Dr. Snyder is the Stanford W. Ascherman Professor and Chair, Department of Genetics and Director, Center for Genomics and Personalized Medicine at Stanford University. Dr. Snyder received his PhD at the California Institute of Technology and carried out his postdoctoral training at Stanford University.

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Myalgic Encephalomyelitis / Chronic Fatigue Syndrome (ME / CFS) Post Treatment Lyme Disease Syndrome (PTLDS), Fibromyalgia Leading Research. Delivering Hope.Open Medicine Foundation®

 

Averting a second pandemic:

Open Medicine Foundation leads groundbreaking international study of

Long COVID’s conversion to ME/CFS

AGOURA HILLS, CALIF.  — Open Medicine Foundation (OMF) is leading a large-scale international collaborative study investigating the potential conversion of Post-Acute Sequelae SARS-CoV-2 infection — more commonly known as Long COVID or Post-COVID Syndrome —  to Myalgic Encephalomyelitis/Chronic Fatigue Syndrome (ME/CFS), a chronic, life-altering disease with no known cause, diagnostic test or FDA approved treatments available.

Up to 2.5 million people in the U.S. alone suffer from ME/CFS; the COVID-19 pandemic could at least double that number. An estimated 35 percent of Americans who had COVID-19 have failed to fully recover several months after infection, prompting many to call it “a potential second pandemic.”

OMF recognized a familiar health crisis emerging, one with eerie similarities to ME/CFS. This crisis presented a unique opportunity to understand how a viral infection — in this case COVID-19 — may develop into ME/CFS in some patients. The goal is to find targeted treatments for ME/CFS patients and ultimately prevent its onset in people infected with SARS-CoV-2 or other infections.

The federal government is only now investing in Post-COVID research, with no focus on its connection to ME/CFS. OMF has already engaged researchers for the largest-scale study of its kind, solely supported by private donors who have contributed over one million dollars to date. When fully funded, the five million dollar, three-year study will be conducted across the globe at OMF funded Collaborative Research Centers, led by some of the world’s top researchers and ME/CFS experts.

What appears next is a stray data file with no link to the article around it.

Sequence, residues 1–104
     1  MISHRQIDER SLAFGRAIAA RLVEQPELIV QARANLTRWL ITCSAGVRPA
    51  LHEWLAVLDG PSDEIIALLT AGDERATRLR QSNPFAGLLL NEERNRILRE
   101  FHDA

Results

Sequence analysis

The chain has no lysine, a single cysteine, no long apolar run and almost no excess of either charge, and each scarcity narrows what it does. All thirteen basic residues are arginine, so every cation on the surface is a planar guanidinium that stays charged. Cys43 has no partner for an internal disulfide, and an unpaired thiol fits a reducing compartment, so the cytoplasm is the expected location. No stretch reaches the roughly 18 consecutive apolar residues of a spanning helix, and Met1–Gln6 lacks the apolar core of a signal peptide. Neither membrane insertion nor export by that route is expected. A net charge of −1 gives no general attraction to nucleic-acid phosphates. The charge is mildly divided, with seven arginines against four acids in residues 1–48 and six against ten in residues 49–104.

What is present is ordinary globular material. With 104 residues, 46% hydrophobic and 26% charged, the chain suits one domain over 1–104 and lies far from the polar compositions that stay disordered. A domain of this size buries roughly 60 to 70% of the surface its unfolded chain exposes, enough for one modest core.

BACKGROUND

In a significant percentage of patients, infections preceded their development of ME/CFS.  For example, according to the CDC about one in ten infected with Epstein-Barr virus, Ross River virus, or Coxiella burnetti develop symptoms that meet the criteria for ME/CFS.

THE STUDY

The ability to follow the development of ME/CFS from a known viral infection is unprecedented to date and crucial to researchers’ understanding of the disease. The focus of this study is to find the biological differences between persons returning to good health after COVID-19 and persons who remained ill more than six months after infection and developed ME/CFS.  Understanding these alterations in key pathways can lead to groundbreaking discoveries including new biomarkers, drug targets, and prevention and treatment strategies.

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About Open Medicine Foundation

Established in 2012, Open Medicine Foundation leads the largest, concerted worldwide nonprofit effort to diagnose, treat, and prevent ME/CFS and related chronic, complex diseases such as Post Treatment Lyme Disease Syndrome, Fibromyalgia, and Post COVID. OMF adds urgency to the search for answers by driving transformational philanthropy into global research. We have raised over $28 Million from private donors and facilitated and funded the establishment of five prestigious ME/CFS Collaborative Research Centers around the world. To learn more, visit www.omf.ngo.

CONTACT:

Heather Ah San

Development and Communications Manager

1-650-242-8669

heather@omf.ngo